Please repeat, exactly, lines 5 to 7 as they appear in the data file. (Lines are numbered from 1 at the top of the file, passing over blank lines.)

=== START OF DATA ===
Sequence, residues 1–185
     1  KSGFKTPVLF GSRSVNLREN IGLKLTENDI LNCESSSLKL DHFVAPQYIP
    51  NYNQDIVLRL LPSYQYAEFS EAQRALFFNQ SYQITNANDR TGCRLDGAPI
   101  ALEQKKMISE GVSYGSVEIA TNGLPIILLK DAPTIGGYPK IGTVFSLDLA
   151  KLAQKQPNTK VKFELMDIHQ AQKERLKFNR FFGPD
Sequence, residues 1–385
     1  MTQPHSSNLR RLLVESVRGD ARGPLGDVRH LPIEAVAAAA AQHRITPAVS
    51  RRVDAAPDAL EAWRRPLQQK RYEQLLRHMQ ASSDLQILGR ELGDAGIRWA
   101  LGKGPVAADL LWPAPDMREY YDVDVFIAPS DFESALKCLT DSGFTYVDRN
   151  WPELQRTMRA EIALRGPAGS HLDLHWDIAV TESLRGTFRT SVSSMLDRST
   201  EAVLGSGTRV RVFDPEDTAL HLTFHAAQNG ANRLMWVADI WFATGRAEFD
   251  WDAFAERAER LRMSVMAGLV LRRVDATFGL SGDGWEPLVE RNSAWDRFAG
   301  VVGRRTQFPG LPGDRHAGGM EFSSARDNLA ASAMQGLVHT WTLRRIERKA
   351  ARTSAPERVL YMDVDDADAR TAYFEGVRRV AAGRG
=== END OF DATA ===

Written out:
   151  KLAQKQPNTK VKFELMDIHQ AQKERLKFNR FFGPD
Sequence, residues 1–385
     1  MTQPHSSNLR RLLVESVRGD ARGPLGDVRH LPIEAVAAAA AQHRITPAVS